By Valeriy Dzutsev (the 19/02/2014 of the CACI Analyst)
As the international community started to pay greater attention to the North Caucasus because of the Sochi Olympics, ethnic minorities’ complaints in the region significantly increased. In particular, the Circassians became highly vocal about their grievances. Given the authoritarian and increasingly nationalist regime in the Kremlin, the Russian government perceives the rise of activism among Circassians as a security threat. The Olympics served for Moscow as a certain type of litmus test that pointed to the areas of Russia’s vulnerability in the North Caucasus. Now, the aggrieved minorities and the central government appear to be entering a path of confrontation in already volatile region.
By Oleg Salimov (the 19/02/2014 of the CACI Analyst)
As reported by an official press release on February 12, 2014, Tajikistan's parliament ratified the recently signed "Protocol of amendments to the Tajikistan-Russia governmental agreement on labor activities of their citizens in the host countries." This protocol came in addition to an earlier agreement signed on October 16, 2004. The ratified amendments extend the validity of work permits issued by Russia to Tajik labor migrants from one to three years. Tajik labor migrants can now stay in Russia longer, without needing to leave and reenter the country every year as was provisioned by the initial agreement.
By Eka Janashia (the 19/02/2014 of the CACI Analyst)
Georgian authorities have expressed their readiness to prepare for a top-level meeting between Georgia's and Russia's presidents. The last time the two countries’ presidents met was in July 2008, prior to the August war between Russian and Georgia.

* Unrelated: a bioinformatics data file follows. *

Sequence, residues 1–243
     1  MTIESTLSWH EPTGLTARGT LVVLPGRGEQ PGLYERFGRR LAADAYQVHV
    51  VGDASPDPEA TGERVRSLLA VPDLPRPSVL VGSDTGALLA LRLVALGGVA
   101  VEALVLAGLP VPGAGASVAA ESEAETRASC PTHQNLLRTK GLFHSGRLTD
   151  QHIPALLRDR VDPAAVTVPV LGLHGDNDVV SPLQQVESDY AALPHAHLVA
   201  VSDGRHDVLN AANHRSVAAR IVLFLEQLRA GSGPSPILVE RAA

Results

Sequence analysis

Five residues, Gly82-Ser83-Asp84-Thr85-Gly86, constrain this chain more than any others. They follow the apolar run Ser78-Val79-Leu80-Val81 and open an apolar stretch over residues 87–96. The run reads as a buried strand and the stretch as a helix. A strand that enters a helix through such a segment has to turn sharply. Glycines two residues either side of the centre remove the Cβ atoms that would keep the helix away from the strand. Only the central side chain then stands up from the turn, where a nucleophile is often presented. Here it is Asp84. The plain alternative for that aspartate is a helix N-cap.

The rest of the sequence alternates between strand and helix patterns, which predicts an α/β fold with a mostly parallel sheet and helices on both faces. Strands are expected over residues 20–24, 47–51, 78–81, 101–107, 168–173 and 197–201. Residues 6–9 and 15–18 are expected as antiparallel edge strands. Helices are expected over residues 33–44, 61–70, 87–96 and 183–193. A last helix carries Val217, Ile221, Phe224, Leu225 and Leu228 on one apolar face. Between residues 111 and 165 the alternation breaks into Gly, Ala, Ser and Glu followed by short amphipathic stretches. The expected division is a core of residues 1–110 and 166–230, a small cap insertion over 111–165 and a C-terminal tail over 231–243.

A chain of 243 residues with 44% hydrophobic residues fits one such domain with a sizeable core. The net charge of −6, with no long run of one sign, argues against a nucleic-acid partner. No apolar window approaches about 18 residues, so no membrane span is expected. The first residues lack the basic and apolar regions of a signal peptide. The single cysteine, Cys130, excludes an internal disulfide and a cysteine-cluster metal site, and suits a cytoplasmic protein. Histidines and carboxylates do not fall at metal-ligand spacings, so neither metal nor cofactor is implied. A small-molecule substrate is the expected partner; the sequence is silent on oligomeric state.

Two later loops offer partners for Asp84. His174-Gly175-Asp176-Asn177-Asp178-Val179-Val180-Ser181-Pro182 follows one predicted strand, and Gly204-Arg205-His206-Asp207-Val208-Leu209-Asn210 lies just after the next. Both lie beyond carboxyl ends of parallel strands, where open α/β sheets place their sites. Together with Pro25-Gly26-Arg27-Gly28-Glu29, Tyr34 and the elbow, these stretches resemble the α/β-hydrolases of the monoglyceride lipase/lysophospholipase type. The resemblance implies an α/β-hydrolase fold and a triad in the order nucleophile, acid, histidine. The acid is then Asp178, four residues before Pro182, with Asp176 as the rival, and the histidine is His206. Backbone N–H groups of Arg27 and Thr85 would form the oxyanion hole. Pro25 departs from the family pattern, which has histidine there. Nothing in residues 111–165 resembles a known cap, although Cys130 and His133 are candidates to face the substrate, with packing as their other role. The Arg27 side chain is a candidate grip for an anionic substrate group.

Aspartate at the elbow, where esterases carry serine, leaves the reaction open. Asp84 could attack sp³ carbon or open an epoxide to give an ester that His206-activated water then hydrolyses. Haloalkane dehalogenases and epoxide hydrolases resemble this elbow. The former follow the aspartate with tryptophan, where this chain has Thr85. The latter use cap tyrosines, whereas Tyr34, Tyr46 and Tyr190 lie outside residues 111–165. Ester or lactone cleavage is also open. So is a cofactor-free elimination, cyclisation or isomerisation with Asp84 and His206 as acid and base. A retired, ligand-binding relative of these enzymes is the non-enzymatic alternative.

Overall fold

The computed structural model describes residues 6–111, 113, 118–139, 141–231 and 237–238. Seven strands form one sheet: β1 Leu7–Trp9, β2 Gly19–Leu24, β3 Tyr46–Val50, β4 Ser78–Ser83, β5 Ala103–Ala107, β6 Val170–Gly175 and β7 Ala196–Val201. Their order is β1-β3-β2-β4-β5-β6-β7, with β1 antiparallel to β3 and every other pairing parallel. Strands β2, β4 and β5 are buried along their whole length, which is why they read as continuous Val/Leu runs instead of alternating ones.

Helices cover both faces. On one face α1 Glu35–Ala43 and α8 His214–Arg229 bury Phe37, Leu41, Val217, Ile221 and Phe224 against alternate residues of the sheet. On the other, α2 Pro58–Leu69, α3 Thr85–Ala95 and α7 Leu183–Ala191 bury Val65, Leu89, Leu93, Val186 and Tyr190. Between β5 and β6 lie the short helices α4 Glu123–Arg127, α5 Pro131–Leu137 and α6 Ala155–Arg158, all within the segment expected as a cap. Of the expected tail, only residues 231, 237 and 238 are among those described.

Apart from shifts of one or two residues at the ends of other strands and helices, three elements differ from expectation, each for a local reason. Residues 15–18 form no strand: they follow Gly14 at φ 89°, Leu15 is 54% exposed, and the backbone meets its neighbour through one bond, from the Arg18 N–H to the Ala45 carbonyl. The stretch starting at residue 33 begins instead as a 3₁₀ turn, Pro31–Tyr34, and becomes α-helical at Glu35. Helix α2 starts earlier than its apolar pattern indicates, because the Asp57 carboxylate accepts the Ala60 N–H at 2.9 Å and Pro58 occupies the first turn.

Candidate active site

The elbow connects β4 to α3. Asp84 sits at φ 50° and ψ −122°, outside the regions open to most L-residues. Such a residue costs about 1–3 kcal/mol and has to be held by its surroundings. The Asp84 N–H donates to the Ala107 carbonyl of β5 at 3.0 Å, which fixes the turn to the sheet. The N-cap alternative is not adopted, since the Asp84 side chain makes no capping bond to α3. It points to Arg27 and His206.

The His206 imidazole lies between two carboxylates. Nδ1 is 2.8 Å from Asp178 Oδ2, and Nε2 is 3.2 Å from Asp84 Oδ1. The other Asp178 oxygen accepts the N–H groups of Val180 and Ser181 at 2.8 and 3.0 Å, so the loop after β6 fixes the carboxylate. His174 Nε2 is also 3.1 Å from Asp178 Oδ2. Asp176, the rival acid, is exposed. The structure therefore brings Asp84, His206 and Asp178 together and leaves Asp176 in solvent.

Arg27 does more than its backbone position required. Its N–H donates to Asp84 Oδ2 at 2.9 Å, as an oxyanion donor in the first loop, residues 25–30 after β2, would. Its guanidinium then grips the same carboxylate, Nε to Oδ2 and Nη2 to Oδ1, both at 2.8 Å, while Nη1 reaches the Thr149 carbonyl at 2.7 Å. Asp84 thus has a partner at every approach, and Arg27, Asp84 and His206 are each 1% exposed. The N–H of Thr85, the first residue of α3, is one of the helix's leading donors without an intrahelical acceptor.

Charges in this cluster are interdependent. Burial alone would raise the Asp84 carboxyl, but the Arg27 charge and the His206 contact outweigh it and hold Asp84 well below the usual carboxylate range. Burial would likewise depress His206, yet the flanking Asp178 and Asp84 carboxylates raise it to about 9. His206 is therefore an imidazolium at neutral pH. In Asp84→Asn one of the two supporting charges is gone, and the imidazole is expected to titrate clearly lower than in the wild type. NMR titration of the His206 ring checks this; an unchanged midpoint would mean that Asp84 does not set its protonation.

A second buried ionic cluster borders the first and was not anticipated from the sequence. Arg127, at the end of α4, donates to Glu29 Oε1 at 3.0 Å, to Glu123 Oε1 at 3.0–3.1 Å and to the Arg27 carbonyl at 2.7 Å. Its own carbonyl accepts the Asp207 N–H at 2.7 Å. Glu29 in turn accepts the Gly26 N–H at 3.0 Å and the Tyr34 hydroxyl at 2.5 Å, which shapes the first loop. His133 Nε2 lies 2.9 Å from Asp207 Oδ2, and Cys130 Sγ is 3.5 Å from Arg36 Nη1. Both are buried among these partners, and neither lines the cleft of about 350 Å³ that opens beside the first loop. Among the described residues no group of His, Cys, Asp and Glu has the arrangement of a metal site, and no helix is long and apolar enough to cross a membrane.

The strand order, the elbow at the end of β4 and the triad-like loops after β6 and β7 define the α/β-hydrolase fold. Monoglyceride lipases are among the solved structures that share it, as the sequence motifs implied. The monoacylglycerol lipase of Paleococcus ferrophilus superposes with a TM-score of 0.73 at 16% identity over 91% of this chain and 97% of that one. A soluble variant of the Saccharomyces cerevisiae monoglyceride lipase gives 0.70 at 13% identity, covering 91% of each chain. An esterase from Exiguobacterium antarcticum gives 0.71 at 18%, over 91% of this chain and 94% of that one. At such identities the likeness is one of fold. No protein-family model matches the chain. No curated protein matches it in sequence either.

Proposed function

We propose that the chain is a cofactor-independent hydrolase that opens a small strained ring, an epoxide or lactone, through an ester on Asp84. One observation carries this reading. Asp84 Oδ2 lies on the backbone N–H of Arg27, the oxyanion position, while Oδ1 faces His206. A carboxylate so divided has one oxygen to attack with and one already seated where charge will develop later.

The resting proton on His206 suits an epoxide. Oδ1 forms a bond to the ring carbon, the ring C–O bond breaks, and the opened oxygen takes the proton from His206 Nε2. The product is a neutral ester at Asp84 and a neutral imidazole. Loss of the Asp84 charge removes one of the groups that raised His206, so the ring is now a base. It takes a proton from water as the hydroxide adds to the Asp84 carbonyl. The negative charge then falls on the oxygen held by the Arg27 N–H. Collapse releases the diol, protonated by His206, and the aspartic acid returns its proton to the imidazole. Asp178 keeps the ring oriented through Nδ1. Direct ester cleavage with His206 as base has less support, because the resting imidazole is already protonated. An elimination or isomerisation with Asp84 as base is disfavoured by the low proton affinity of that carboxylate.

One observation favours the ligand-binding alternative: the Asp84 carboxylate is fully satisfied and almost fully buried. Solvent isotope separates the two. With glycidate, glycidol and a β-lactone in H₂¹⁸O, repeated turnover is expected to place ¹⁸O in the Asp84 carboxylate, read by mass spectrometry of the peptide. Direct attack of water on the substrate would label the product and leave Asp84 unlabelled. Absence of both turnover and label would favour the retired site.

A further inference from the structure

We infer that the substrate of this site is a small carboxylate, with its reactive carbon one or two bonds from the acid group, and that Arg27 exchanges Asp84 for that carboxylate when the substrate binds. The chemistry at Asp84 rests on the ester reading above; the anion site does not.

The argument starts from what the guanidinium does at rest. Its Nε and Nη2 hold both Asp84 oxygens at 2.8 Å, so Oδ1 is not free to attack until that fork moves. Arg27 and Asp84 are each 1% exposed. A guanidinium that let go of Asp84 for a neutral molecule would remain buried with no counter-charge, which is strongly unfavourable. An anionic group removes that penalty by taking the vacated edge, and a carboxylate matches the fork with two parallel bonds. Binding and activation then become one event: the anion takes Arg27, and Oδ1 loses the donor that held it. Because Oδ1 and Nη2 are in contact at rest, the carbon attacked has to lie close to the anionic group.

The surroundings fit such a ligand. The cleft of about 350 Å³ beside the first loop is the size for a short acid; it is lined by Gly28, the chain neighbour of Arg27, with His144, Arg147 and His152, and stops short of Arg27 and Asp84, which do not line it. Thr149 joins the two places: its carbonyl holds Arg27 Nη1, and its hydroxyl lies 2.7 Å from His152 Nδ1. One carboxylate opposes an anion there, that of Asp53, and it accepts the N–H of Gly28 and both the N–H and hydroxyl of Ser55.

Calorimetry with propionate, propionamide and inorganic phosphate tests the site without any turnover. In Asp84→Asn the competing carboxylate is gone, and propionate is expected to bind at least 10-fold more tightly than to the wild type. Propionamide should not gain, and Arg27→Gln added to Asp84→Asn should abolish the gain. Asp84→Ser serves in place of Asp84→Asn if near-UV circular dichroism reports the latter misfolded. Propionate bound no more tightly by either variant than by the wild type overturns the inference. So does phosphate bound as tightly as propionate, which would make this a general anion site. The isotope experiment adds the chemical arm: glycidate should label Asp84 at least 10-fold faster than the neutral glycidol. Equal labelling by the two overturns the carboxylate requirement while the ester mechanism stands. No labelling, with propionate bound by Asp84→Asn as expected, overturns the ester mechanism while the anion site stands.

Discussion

By Stephen Blank (the 05/02/2014 issue of the CACI Analyst)
The current Ukrainian crisis has focused attention on Russia’s drive to construct a Eurasian Economic Union (EEU) and a customs Union as part of it. But Ukraine is by no means the whole story, as reservations if not resistance to the project mount in Central Asia. Both Kazakhstan and Kyrgyzstan have taken steps to resist Russian encroachments and to raise the price of their admission into this union. In January 2014, Kazakhstan's government launched a plan to re-privatize the crucial Kazakh banking sector, partly in order to shield it from the tactics used by Russian banks to buy up equity in distressed banks under EEU guidelines. Kyrgyzstan also displays an increased desire to force Russia to bargain for Kyrgyzstan’s adhesion to the Customs Union and EEU.
The Central Asia-Caucasus Analyst is a biweekly publication of the Central Asia-Caucasus Institute & Silk Road Studies Program, a Joint Transatlantic Research and Policy Center affiliated with the American Foreign Policy Council, Washington DC., and the Institute for Security and Development Policy, Stockholm. For 15 years, the Analyst has brought cutting edge analysis of the region geared toward a practitioner audience.